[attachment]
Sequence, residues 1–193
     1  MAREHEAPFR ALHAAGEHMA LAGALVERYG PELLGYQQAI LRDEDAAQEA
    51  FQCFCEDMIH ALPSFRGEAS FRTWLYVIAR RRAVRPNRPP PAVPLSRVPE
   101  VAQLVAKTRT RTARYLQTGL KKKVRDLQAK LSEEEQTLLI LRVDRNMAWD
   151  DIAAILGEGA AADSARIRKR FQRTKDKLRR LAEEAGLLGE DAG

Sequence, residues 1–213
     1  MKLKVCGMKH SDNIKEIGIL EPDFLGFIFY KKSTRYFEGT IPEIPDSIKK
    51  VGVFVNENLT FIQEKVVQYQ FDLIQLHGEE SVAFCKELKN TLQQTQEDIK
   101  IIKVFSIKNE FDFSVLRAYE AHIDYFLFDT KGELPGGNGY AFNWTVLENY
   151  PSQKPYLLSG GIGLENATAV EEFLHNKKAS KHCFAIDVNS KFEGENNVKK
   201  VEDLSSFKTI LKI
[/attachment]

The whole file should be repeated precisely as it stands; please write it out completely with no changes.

Sequence, residues 1–193
     1  MAREHEAPFR ALHAAGEHMA LAGALVERYG PELLGYQQAI LRDEDAAQEA
    51  FQCFCEDMIH ALPSFRGEAS FRTWLYVIAR RRAVRPNRPP PAVPLSRVPE
   101  VAQLVAKTRT RTARYLQTGL KKKVRDLQAK LSEEEQTLLI LRVDRNMAWD
   151  DIAAILGEGA AADSARIRKR FQRTKDKLRR LAEEAGLLGE DAG

Sequence, residues 1–213
     1  MKLKVCGMKH SDNIKEIGIL EPDFLGFIFY KKSTRYFEGT IPEIPDSIKK
    51  VGVFVNENLT FIQEKVVQYQ FDLIQLHGEE SVAFCKELKN TLQQTQEDIK
   101  IIKVFSIKNE FDFSVLRAYE AHIDYFLFDT KGELPGGNGY AFNWTVLENY
   151  PSQKPYLLSG GIGLENATAV EEFLHNKKAS KHCFAIDVNS KFEGENNVKK
   201  VEDLSSFKTI LKI